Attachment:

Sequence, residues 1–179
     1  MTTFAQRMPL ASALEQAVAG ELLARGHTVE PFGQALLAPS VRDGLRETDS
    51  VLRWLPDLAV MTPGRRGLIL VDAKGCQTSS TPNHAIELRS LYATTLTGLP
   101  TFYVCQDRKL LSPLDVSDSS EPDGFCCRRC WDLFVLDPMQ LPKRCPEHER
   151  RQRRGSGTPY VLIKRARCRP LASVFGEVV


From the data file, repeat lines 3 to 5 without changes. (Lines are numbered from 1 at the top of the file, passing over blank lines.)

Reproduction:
    51  VLRWLPDLAV MTPGRRGLIL VDAKGCQTSS TPNHAIELRS LYATTLTGLP
   101  TFYVCQDRKL LSPLDVSDSS EPDGFCCRRC WDLFVLDPMQ LPKRCPEHER
   151  RQRRGSGTPY VLIKRARCRP LASVFGEVV